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1st Battle of Winchester
Harper's Weekly Articles

The following article is from Harper's Weekly Journal of Civilization, dated 7 June, 1862:

The Retreat of Banks

          There is undoubtedly something humiliating in reading in the newspapers that in the month of May, 1862, thirteen months after the attack on Sumter, after the North has poured out men and money with unprecedented  lavishness, it has again become necessary to call out the State militia to defend the capital. Nor is it agreeable to reflect that the rich valley of the Shenandoah, out of which General Banks had cleared the rebels out by a series of brilliant maneuvers, and where we were slowly developing a healthy Union sentiment, has again been surrendered to the rebels, who will doubtless re-enact in the populous region all the atrocities of Jacksonville. These are unquestionably very painful reflections.

          It must be said, however, in justification of the military policy which dictated the transfer of three-fourths of Bank's army to McDowell, that the President, by whose orders the transfer was made, was far better able to judge of the necessity for the step than the public can be. If he had reason tot believe that the rebel army in Virginia contemplated an attack upon McDowell, it would have been criminal negligence to have run the risk of a defeat at Falmouth, which would have left the road to Alexandria open to the enemy. Painful as it is to lose the Shenandoah Valley, it would have been far more painful, more humiliating, nay, almost fatal, to have had Johnston suddenly loom up with the army flushed with victory on the bank of the Potomac, opposite the White House.

          The fears which are entertained by Governor Andrew, of Massachusetts, and other persons for the safety of Washington, under present circumstances, are wholly gratuitous. The rebels do not intend to invade Maryland. If any cross the Potomac, they will do so with the intention of laying down their arms, for they know that they could never return except as released prisoners of war. That some of the leaders of the rebellion are ready for any thing desperate can readily be believed, but they are not quite insane enough to run their necks deliberately and hopelessly into a noose.

          The object of the Government in calling the militia is, doubtless, to liberae 20,000 troops now under Wadsworth at Washington, for the purpose of reinforcing Banks and Fremont. If the step shortens the contest by a few days, it will pay.

The Repulse of Banks

          General Banks has retreated back into Maryland. He had got as far as Harrisonburg, 2- miles from Staunton and the railway, when he received an order from the War Department directing him to send 15,000 of his troops, under General Shields, to reinforce General McDowell at Fredericksburg, and to fall back upon Strasburg, some fifty miles in his rear. The moment he began to retreat in obedience to this order Jackson followed in pursuit. General Shields passed through Manassas Gap safely and joined McDowell. Colonel Kenly, who commands a Maryland regiment, was started over the same rout and had reached Front Royal, which lies about ten miles east of Strasburg, on the road to Manassas Gap, when he was intercepted by the rebels, and, as General Banks states in his brief dispatch, "repulsed with considerable loss," the rebels occupying Front Royal, and thus breaking his communication over the railroad with Eastern Virginia, and compelling him to fall still further back with the remnant of his force. Our latest intelligence from him is contained in the following dispatch:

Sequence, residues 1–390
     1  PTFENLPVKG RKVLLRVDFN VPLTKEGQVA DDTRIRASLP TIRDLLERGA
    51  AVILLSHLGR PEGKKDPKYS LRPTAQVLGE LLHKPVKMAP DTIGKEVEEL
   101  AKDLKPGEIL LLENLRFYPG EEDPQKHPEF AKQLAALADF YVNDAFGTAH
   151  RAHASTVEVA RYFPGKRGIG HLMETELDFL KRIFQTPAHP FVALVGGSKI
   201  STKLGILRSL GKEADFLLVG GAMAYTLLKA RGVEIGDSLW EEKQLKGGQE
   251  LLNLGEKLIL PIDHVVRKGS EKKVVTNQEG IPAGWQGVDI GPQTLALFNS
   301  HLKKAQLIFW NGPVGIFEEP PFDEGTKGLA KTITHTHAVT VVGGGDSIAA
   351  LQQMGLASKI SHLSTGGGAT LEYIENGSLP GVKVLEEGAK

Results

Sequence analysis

Williamsport, May 26 - 4pm

To the President:

          I have the honor to report he safe arrival of my command at this place last evening at ten o'clock, and the passage of the Fifth Corps across the river to-day, with comparatively little loss. The loss of men in killed, wounded, and missing in the different companies in which my command has participated since the march from Strasburg, on the morning of the 24th inst., I am unable not to report: but I have great satisfaction in being able to represent that, although serious, it is much less than might have been anticipated, considering the very great disparity of forces engaged, and the long-matured plans of the enemy, which aimed at nothing less than the entire capture of our force. A detailed statement will be forwarded as soon as possible.

          My command encountered the enemy in a constant succession of attacks in in well-contested engagements at Strasburg, Middletown, Newto(w)n; at a point also between these places, and at Winchester. The force of the enemy was estimated at from 15,000 to 20,000 men, with very strong artillery and cavalry supports. My own force consisted of two brigades - less than 4000 strong, all told - 1500 cavalry, ten Parrott guns and six smooth bores. The substantial preservation of the entire supply is a source of gratification. It numbered about five hundred wagons on a forced march of fifty-three miles, thirty-five of which were performed in one day, subject to constant attack in front, rear, and flank, according to its position, by the enemy in full force. The panics of teamsters, and mischances of river passage of more than 300 yards, with slender preparations for food and ferry, I lost not many more than fifty wagons. A full statement of this loss will be forwarded forthwith. Very great commendation is due to Captain J. B. Holabird, A. Q. M., and Captain E. G. Breckwith, for the safety of the train.

          Our troops are in good spirits, and occupy both sides of the river.

N. P. Banks

Major-General Commanding.

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